Home / 2020 / Novel coronavirus likely to hit oilfield budgets, supply chains

Novel coronavirus likely to hit oilfield budgets, supply chains

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By Linda Hsieh, Editor & Publisher

For the most recent news on cornovairus impact on oil and gas markets, click here.

As of late February – when this magazine went to press – the new coronavirus, or COVID-19, had not been declared as a pandemic by the World Health Organization. However, with or without a pandemic declaration, it’s clear that this outbreak could have significant trickle-down effects on the oilfield service industry and its supply chains, possibly delaying or even derailing a burgeoning market recovery.

Most apparently, the impact can be seen in oil prices. On 26 February, WTI crude fell below $50/bbl to its lowest point since January 2019. This comes as the outbreak is spreading in countries such as Iran, Italy and South Korea. While the situation continues to evolve rapidly, these recent developments indicate that the negative impact on oil demand will not be isolated to China, where the outbreak originated and where the bulk of confirmed cases have been located.

“Over the past week, worsening outbreaks in these countries have significantly changed the impact parameters,” IHS Markit stated in a late February analysis. Italy, for example, has placed approximately 50,000 people in quarantine, while South Korea has announced that it is taking “extraordinary measures” to contain the outbreak.

“Further contagion notwithstanding, the three countries now dealing with the largest public health crises outside of China are also far from insignificant for global oil demand,” said Roger Diwan, VP Financial Services for IHS Markit.

“South Korea is the fourth-largest oil demand market in Asia, Italy the fifth-largest demand market in Europe, and Iran the second-largest demand market in the Middle East. The three countries combined accounted for just under 6.0 million bbl/day of demand in 2019… These are not small demand markets, and together with China, nearly one in five global demand barrels is located in countries facing public health emergencies,” Mr Diwan said.

In the United States, there were still only approximately 60 confirmed cases as of 26 February, but the US Center for Disease Control has already warned of an “inevitable” spread of the virus and the potential for “severe” disruptions to everyday life.

1.1 million bbl/day impact

The outbreak is also introducing significant uncertainty into oil and gas investment budgets that were set in late 2019. Rystad Energy estimates that oil demand will now be reduced by as much as 1.1 million bbl/day in Q1 2020, essentially wiping out all the projected growth in global demand for the quarter. “We put the impact at 0.9 million bbl/day in China and 0.2 million for the rest of the world, mostly in reduced jet fuel demand,” said Audun Martinsen, Partner and Head of Oilfield Service Research for Rystad.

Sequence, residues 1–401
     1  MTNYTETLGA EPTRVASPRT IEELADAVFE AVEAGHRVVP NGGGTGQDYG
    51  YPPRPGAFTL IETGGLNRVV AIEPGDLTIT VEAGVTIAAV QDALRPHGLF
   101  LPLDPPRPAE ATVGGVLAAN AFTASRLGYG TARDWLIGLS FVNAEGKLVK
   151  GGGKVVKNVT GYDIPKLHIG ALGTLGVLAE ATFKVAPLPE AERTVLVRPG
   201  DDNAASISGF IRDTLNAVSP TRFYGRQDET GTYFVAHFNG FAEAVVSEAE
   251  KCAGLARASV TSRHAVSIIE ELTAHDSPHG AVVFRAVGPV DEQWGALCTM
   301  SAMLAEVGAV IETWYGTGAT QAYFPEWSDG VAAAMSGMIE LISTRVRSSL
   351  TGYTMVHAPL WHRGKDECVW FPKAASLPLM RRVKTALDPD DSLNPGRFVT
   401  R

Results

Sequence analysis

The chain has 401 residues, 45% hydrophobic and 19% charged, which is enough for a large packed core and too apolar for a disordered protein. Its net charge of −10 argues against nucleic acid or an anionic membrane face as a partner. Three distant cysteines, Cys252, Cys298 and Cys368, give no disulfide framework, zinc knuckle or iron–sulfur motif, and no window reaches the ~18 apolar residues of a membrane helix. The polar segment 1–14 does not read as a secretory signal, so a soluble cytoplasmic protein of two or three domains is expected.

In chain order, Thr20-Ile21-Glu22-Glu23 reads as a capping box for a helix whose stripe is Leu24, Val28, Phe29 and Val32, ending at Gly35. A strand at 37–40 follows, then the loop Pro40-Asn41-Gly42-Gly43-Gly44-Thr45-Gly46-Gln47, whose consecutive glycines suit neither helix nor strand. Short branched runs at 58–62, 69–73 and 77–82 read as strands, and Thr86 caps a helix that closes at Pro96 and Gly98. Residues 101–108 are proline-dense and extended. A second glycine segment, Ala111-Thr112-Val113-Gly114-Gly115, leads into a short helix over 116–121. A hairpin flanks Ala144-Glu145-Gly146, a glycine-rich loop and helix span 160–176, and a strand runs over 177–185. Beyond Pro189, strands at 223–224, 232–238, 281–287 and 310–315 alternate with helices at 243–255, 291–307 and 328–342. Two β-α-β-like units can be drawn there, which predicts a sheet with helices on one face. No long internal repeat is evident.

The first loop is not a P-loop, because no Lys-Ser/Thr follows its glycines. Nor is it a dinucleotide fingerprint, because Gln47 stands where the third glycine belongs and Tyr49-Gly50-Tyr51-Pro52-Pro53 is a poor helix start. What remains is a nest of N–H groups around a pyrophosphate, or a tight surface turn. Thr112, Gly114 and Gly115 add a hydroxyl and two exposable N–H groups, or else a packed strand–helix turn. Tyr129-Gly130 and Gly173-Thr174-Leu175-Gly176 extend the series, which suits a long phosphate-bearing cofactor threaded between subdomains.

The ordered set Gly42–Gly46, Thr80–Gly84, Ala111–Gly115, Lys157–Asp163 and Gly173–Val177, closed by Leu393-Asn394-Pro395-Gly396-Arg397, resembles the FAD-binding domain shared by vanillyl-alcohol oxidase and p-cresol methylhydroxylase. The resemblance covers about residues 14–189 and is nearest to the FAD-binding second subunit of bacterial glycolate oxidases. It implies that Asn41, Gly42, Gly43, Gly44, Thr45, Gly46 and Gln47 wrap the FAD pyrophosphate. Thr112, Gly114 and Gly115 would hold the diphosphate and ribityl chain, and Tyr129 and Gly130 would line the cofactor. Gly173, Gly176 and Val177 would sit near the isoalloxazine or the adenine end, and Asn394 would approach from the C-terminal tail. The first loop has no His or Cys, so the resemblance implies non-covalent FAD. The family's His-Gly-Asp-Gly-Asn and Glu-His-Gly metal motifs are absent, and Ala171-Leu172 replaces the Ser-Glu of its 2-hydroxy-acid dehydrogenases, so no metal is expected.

He believes that oil and gas companies will be much more cautious with investments in Q1 and Q2 this year.

“This will mainly impact the flexible budgets that E&Ps have in shale acreages, as well as exploration. In shale, it is likely to be reduced from the previously expected $130 billion down to $110 billion for 2020,” he said.

Looking at the impact on oilfield supply chains, there could also be delays on offshore projects. Mr Martinsen noted that 16 of the 28 FPSOs under development are being built in China, while the others have supplies coming from China.

“Our intel suggests that there have been limited shifts worked in the yards, causing at least 50% fewer manhours on the projects. In addition, some sub-supplies of different bulk materials, modules and equipment may cause further delays.”

In fact, Mr Martinsen estimates China’s equipment manufacturing sector’s plant utilization rate is less than 10%.

“This all means that we are looking at delays of three to six months on average for the different units. If the coronavirus escalates, this can go up to nine or even 12 months,” he said, noting that average time of FPSO development is 36 months.

“Everything more than three months would be hard for the operators to mitigate through fast-tracking other parts of the development,” Mr Martinsen said, “meaning, we are likely to see delayed startup of these projects.” DC

Linda Hsieh can be reached at linda.hsieh@iadc.org.

About The Author

Linda Hsieh is a graduate of the journalism program at the University of Texas at Austin, where she also completed the Business Foundations program at the U.T. McCombs School of Business and minored in Asian Studies. She has been writing for Drilling Contractor since 2005.

    

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